LIU celebrates opening of new nursing program

A local college just received a major upgrade.

Long Island University of Brooklyn unveiled its new, state-of-the-art nursing school facility during a ribbon cutting ceremony and tour. Students, alumni, faculty and supporters attended the Wednesday, May 6, event, which celebrated the facility’s new name and renovation thanks to the $10 million grant, considered the largest gift in the school’s history.

“It’s a very special moment for the history of LIU Brooklyn and the university as a whole,” said Eric Krasnoff, chair of Board of Trustees. “This gathering represents another exciting chapter in the life of the university where pride, passion and spirit are on full view.”

The new School of Nursing, now called the Harriet Rothkopf Heilbrunn School of Nursing, received the sizable grant from the Heilbrunn family. Heilbrunn graduated from LIU in 1932, and along with her husband, Robert, went on to become notable philanthropists benefiting LIU and the community at large.

“She would’ve been so pleased and proud because LIU was always an important part of her life. Both of our parents valued the teaching and nursing profession and were loyal supporters of the scholarship programs for many years,” said Harriet’s daughter Helaine Lerner.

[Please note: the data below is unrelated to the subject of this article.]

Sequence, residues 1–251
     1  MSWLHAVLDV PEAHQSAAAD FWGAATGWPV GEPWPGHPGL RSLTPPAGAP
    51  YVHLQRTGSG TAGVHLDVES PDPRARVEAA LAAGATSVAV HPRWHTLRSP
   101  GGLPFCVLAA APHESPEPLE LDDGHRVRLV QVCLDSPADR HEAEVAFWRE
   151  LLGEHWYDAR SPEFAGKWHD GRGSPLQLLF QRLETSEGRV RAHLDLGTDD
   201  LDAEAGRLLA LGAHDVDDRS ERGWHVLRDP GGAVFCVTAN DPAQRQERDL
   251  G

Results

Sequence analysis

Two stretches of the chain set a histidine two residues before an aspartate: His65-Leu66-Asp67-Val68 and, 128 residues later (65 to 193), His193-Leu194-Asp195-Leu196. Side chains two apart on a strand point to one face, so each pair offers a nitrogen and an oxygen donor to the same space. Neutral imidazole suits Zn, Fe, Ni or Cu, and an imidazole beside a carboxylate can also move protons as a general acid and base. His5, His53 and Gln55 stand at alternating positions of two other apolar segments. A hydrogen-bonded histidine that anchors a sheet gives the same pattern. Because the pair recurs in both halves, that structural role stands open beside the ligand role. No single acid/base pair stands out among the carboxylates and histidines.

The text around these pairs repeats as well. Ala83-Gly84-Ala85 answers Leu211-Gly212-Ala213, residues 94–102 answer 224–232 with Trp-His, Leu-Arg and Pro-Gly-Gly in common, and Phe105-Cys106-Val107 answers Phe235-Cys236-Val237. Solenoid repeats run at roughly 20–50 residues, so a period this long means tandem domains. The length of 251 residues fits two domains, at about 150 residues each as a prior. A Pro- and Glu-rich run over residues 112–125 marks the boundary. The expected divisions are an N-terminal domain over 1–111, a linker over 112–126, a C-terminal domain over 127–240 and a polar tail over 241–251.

Lerner and her sister Joan Rechnitz continue the family’s spirit of philanthropy with major investments in student scholarship support, as well as the modernization of the nursing program. “We are all excited to see the impact this great new facility and new dean will have on the surrounding community,” Lerner added.

The renovated structure includes high tech facilities that features modern laboratories and classrooms with specialized simulation and clinical equipment. During the tour of the facilities, faculty showed off operating rooms that included robotic mannequins posed as patients of various ages which nurses in training get to practice on. Teachers monitor their students’ progress and test their skills by controlling the mock patients’ responses to their work

“In the high fidelity simulation room, which replicates various clinical settings, our students engage in hands-on training in areas ranging from intensive care to pediatrics to emergency room practice,” said Dean of the LIU School of Nursing, Judith Erickson. “The state-of-the-art simulations which train students well beyond traditional techniques involve full practice in each situation and environment, and include case studies, mock scenarios, hospital grade equipment, patient interaction and direct care.”

“In a fast growing industry, nursing education is offering its students in this area unmatched opportunities to provide to be able to make a difference in people’s lives and to be a driving force behind their own careers,” added LIU President Kimberly Cline.

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